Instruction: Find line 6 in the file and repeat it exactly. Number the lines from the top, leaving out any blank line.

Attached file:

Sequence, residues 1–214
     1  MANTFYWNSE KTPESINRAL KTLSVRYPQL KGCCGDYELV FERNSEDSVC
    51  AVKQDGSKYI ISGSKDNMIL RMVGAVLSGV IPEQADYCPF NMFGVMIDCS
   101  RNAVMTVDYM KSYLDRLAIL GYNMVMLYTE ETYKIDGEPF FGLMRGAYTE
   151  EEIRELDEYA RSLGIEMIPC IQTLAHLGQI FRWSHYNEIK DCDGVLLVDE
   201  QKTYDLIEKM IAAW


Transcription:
   201  QKTYDLIEKM IAAW